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Dama Gazelle Calf Born at the Smithsonian’s National Zoo

  • Dama gazelle Fahima and her female calf, born Oct. 9.
  • Two Dama gazelle calves, a female (left) and male (right), were born at the Smithsonian’s National Zoo Oct. 9 and Sept. 7, 2018, respectively.

Just one month after welcoming a male dama gazelle calf, Cheetah Conservation Station keepers at the Smithsonian’s National Zoo once again welcomed a new member to the herd. A female calf was born in an off-exhibit enclosure the morning of Oct. 9 to 9-year-old mother Fahima and 4-year-old father Edem.

Keepers continue to closely monitor the calf, which has been observed nursing regularly, exploring her environment and behaving normally. She is also steadily gaining weight, growing from 11 pounds at 1 day old to 13 pounds at 6 days old. Animal care staff are allowing the calf to bond with her mom, as well as her 1-month-old half-brother; 1-year-old sister, Asha; 8-year-old aunt, Zafirah; and her 11-year-old grandmother, Adara, in an off-exhibit enclosure. She will make her public debut by mid-to-late November, weather permitting. This is the third calf for Fahima and the fifth for Edem.  

Edem arrived in July 2016 from the Zoo’s Smithsonian Conservation Biology Institute (SCBI) in Front Royal, Virginia, following a breeding recommendation from the Association of Zoos and Aquariums’ Species Survival Plan (SSP). The SSP scientists determine which animals to breed by considering their genetic makeup, nutritional and social needs, temperament and overall health. Edem returned to SCBI in summer 2018 to rejoin its breeding program.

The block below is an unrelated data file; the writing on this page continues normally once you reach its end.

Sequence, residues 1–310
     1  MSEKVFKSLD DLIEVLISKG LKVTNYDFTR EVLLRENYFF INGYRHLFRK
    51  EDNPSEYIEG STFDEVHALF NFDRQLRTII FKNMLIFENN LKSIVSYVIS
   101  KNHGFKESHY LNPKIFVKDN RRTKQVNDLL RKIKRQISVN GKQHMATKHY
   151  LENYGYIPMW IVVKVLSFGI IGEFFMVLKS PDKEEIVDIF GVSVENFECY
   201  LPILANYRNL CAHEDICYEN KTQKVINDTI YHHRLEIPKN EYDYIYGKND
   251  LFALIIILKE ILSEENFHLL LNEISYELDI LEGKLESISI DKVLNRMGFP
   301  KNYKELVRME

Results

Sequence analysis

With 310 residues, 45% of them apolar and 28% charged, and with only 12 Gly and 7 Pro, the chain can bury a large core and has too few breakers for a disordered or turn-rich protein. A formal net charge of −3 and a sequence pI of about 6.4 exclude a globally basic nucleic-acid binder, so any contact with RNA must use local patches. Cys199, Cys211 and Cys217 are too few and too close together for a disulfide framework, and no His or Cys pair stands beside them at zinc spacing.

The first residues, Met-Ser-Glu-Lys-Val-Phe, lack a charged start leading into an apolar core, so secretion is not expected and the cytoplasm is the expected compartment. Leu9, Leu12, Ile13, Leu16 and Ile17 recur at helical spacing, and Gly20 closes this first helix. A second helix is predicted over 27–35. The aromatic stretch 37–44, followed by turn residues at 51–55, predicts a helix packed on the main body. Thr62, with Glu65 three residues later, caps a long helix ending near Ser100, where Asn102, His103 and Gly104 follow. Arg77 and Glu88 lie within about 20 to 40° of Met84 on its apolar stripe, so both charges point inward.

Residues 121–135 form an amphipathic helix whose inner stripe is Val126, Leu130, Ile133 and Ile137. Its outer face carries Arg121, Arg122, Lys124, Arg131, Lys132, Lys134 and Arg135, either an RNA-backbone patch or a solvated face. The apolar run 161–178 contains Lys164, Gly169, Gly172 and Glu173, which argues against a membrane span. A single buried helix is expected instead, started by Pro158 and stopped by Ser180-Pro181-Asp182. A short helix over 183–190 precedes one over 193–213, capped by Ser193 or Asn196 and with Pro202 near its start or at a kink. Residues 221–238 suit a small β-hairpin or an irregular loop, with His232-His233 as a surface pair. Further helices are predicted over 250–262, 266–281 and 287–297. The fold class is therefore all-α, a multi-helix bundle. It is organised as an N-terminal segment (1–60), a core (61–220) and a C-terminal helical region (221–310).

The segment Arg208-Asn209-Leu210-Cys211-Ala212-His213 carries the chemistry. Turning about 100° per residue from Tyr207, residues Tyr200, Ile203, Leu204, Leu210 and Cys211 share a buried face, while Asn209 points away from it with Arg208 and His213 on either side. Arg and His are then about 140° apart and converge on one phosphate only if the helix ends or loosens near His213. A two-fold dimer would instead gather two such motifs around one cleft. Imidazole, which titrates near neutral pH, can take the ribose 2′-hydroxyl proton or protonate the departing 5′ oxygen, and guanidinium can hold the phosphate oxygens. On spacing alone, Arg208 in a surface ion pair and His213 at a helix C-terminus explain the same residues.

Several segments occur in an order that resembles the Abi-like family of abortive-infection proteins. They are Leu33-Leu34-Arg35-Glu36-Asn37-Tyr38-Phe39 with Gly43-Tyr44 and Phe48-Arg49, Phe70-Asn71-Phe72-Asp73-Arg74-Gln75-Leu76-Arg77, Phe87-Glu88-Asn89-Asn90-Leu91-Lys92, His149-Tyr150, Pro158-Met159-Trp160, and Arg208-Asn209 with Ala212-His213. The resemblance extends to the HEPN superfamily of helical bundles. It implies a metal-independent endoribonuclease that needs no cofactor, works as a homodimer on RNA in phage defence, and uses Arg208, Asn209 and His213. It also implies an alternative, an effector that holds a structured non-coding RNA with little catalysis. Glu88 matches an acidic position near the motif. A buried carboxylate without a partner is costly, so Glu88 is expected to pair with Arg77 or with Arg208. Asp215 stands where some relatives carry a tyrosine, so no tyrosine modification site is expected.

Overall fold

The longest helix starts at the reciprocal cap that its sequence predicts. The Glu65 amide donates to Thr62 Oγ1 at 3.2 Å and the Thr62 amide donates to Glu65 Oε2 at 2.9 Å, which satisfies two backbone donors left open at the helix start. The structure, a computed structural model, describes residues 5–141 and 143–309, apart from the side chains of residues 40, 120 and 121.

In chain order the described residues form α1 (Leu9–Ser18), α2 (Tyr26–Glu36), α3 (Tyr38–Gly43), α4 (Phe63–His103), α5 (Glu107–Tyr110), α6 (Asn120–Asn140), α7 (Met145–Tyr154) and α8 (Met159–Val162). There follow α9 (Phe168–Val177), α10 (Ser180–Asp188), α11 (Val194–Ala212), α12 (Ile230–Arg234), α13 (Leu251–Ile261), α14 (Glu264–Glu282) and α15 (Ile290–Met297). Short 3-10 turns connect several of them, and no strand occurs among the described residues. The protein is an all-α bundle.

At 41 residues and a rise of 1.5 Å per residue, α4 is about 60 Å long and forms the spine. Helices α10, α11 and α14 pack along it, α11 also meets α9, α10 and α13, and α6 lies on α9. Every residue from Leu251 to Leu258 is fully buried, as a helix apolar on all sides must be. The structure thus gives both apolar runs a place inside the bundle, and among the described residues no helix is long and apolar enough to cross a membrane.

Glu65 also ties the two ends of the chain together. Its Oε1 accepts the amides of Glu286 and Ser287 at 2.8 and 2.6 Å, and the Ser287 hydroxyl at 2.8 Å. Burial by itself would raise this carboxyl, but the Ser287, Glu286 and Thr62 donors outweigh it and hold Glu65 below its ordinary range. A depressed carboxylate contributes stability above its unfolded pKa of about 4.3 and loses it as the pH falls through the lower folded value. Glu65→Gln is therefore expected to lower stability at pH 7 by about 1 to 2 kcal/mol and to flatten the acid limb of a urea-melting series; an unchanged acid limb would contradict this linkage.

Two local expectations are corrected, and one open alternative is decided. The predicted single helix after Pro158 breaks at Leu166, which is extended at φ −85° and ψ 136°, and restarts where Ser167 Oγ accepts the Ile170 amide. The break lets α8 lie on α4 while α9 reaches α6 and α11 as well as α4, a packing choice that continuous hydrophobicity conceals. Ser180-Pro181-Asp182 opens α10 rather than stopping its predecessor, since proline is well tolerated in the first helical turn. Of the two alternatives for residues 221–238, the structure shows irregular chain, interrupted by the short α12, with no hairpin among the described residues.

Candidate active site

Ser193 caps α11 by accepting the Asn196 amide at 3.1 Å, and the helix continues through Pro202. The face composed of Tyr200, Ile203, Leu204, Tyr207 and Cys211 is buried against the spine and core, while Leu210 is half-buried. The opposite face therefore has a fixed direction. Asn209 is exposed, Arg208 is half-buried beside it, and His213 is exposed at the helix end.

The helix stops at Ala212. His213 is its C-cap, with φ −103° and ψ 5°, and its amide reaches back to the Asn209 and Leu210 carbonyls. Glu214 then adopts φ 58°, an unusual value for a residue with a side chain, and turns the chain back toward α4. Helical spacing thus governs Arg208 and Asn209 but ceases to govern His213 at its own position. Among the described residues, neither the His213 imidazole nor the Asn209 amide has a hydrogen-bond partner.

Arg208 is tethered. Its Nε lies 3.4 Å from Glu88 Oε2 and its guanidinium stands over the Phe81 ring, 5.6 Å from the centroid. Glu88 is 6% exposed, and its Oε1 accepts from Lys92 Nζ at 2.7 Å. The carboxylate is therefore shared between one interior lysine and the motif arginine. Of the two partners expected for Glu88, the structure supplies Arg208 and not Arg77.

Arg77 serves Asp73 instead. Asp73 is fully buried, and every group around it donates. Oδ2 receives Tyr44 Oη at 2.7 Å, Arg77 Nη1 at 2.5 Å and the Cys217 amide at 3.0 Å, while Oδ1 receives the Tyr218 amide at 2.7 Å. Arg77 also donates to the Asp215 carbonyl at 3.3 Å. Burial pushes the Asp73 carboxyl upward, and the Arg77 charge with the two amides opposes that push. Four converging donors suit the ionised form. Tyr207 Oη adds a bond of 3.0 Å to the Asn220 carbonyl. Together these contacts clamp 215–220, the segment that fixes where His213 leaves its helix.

While the dama gazelles are bonding behind the scenes, visitors can see two other species that share their mixed-species exhibit at the Cheetah Conservation Station: Ruppell’s griffon vultures and scimitar-horned oryx. The Zoo will provide updates on the calf on Facebook, Instagram and Twitter.

Native to Chad, Mali and Niger, dama gazelles are listed as critically endangered by the International Union for Conservation of Nature. Less than 500 dama gazelles remain in the wild due to habitat loss from human and livestock expansion, hunting and drought. SCBI conducts veterinary and reproductive research in order to maintain dama gazelle populations.

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Photo Credit: Gil Myers, Smithsonian’s National Zoo

Caption 1: Dama gazelle Fahima and her female calf, born Oct. 9.

Caption 2: Two dama gazelle calves, a female (left) and male (right), were born at the Smithsonian’s National Zoo Oct. 9 and Sept. 7, 2018, respectively.